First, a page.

Profile: Photographer Orly Olivier
Orly Olivier is a very good cook. On a recent Monday afternoon, she guided me through the Boyle Heights neighborhood of Los Angeles. Our destination: Congregation Talmud Torah, an Orthodox synagogue better known as the Breed Street Shul. “I want to show you where I recently cooked a charity Shabbat Dinner for 40 people,” said Orly. “I always loved the building driving by, so I got involved and found out they needed to raise money to restore it back to what it used to be.”
Built in a Neo-Byzantine style in 1922, the Shul became a religious and cultural focal point for the Jewish neighborhood, one of the most populous in California at the time. Currently dilapidated and fenced off, it lost its moment after World War II, when Boyle Heights was dissected by freeways and the Jews relocated to other parts of the city.
“The Shabbat dinner menu was ‘Mexanisian,’” continued Orly. “It’s a term I use to describe how I cook most of the time and what I grew up eating.” Between a Tunisian-Jewish father and a mother from Southern California, the family pantry featured many crossover ingredients from both parts of the world. “For example, tacos layered with hummus, Persian cucumbers, preserved lemons and Cotija cheese, or gazpacho with smoky harissa.”
Age 32 — Hometown Los Angeles — Where do you live? Los Angeles — Occupation Photographer, Artist, Cook, Philantropist — Signature dish Chakchouka—a flavorful, spicy, tomato and bell pepper ratatouille with poached egg, served with crusty bread — Who taught you how to cook? My father and my aunties Dina, Hana and Simona — Favorite kitchen tool Food processor, but I hate washing it — Always in your pantry A crisp Rose, olives, hummus and pistachios — Go-to snack Sadly potato chips — Favorite cuisine Mediterranean, Californian & Mexican or 'Mexanisian'—my Tunisian roots meet my Southern Californian upbringing — Do you diet? I diet Coke — Food addictions Potato chips — Food allergies Gratefully no — Food fad pet peeve Kale — Who’s your sous chef? Alan, my husband — Drinking while cooking? Yes please! — What’s for dinner tonight? Grilled vegetable chopped salad with arugula, frisse and radicchio — Do you ever cry over spilled milk? Sometimes, not generally — Best meal you ever had Few days after our wedding, in the French countryside with Alan, my cousin Camille and her husband Jean-Christophe, in a tiny train station restaurant in Burgundy. I had poached egg in a Burgundy red wine sauce and the most delicious escargot & steak au poivre ever — Contact petittakett.com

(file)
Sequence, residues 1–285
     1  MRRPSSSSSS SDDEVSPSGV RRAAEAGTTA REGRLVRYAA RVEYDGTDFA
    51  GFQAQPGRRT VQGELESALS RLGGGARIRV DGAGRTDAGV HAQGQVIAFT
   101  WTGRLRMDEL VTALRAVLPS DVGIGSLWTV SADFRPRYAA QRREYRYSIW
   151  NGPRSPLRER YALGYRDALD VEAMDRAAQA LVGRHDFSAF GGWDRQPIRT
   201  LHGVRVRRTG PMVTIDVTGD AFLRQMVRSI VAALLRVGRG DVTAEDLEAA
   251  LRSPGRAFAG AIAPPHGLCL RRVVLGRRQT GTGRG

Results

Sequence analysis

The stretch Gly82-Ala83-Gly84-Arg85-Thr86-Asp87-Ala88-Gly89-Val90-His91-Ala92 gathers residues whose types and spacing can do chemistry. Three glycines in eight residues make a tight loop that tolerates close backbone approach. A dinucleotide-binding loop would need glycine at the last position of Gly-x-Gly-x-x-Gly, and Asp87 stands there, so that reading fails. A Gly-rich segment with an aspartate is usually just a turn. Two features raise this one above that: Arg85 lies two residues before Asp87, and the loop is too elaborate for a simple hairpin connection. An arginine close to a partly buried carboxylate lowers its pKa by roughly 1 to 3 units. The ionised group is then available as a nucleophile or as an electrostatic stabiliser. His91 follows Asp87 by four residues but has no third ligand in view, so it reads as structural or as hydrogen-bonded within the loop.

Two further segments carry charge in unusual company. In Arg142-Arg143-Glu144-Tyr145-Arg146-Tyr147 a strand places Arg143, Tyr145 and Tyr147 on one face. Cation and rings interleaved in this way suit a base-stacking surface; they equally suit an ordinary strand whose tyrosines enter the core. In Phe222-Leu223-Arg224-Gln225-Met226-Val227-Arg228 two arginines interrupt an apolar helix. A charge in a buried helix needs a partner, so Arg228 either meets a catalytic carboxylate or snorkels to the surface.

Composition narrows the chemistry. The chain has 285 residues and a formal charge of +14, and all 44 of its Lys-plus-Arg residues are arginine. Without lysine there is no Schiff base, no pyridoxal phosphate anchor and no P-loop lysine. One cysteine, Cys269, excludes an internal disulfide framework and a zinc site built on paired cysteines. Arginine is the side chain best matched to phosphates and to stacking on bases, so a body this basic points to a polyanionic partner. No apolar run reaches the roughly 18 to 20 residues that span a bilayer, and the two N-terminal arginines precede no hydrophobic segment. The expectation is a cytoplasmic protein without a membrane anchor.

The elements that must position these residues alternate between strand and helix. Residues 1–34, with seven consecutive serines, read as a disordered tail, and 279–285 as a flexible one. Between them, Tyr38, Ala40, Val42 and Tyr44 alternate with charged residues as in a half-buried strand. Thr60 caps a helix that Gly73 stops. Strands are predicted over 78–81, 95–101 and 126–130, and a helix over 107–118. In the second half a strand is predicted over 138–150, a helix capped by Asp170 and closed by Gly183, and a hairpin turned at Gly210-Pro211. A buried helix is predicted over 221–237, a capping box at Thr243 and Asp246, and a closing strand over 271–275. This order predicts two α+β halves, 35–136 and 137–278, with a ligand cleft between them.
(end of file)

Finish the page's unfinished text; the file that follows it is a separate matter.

With its tender crust, and topped with juicy tomatoes, tangy feta cheese and aromatic oregano, this rustic tart is remarkably good and simple to make—an impromptu dish for a weeknight dinner or something to serve to the unexpected guest. Orly prefers heirloom tomatoes, but regular ones will do, too. Puff pastry can be found in the frozen section of the market, or make your own if you like.
- Serves 4-6
- 1 sheet of puff pastry dough
- 2 large heirloom tomatoes, thinly sliced
- 1 cup feta cheese, crumbled
- ¼ cup fresh oregano, chopped
- Black pepper, freshly ground
- Preheat oven to 375 degrees. Line a baking sheet with parchment paper.
- If the dough is frozen, defrost it. Place it on a well-floured surface and flour it on top. Flour your rolling pin as well. Roll it out to a 12 x 17-inch rectangle and transfer to the baking sheet.
- Leaving a border 2–3 inches wide, distribute the feta evenly over the dough and sprinkle with half of the oregano.
- Arrange the tomatoes on top of the feta in one layer, overlapping each other. Sprinkle with the rest of the oregano and black pepper. Fold the dough edges over the tomatoes and pinch.
- Bake until the crust is golden brown, about 35–40 minutes.
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